Beige Book shows modest gains in local economy
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The latest economic picture from the Federal Reserve is like one of the great prairie photographs, long and flat with a few slight rises as far as the eye can see.
In 2004 and 2005, the Fed used terms such as "strong" and "robust" to describe the growth of the economy after the 2001 recession. In the period since the end of the most recent recession, economic growth has more often been described as "moderate" or "modest" in the Federal Reserve's regularly issued, "Commentary on current economic conditions," which is commonly called the Beige Book.
While the Fed's latest prediction, based on the last six weeks, is for a fairly subdued economic recovery, the stock market Wednesday started the morning on a rise and kept on going.
The Dow Jones industrial average gained 2.37 percent, adding 286.84 points to close at 12,414.79. The Standard & Poor's 500 index added 29.63 to close at 1,315.13, a gain of 2.3 percent, and the Nasdaq closed up 2.4 percent, adding 66.61 points to close at 2,844.72.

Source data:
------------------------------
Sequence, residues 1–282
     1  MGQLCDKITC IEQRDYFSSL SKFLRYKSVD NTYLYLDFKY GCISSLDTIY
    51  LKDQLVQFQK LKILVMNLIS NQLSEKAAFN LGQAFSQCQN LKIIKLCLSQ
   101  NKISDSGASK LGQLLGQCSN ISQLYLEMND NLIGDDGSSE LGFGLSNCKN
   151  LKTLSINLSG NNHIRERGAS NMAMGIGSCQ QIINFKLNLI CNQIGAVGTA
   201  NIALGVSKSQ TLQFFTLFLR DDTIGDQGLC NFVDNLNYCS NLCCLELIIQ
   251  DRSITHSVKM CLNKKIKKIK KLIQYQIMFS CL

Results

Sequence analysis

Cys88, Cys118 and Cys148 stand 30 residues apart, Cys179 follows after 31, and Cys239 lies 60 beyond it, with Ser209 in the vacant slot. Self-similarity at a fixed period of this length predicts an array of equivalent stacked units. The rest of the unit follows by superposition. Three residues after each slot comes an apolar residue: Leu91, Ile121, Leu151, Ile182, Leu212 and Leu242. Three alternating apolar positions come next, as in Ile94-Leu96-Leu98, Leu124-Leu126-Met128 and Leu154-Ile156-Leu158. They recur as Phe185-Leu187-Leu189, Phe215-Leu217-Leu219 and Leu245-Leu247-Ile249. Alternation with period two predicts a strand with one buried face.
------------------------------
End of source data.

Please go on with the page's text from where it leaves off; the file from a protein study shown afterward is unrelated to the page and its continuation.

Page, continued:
The Wednesday report from the Fed noted that manufacturing in the Cleveland district, which includes Pittsburgh, was steady with a few reports of orders from Europe weakening.
Residential real estate in the district was stronger than it was in other regions, with contractors reporting home construction above where it was a year ago. In other regions of the country, home sellers have been reportedly lowering prices on properties that aren't selling well, putting downward pressure on the market. Residential builders in Philadelphia reported "some softening" in the market there.
While manufacturing in the Cleveland district has been steady with demand driven by the auto industry, Philadelphia manufacturers reported they are seeing a slight decline in orders.
In the Cleveland district, consumer spending was steady over the last month but is up around 5 percent from the same time last year. Auto dealers said new car sales were "generally good."
Bankers said the demand for business credit was rising.
First Published June 7, 2012 12:00 am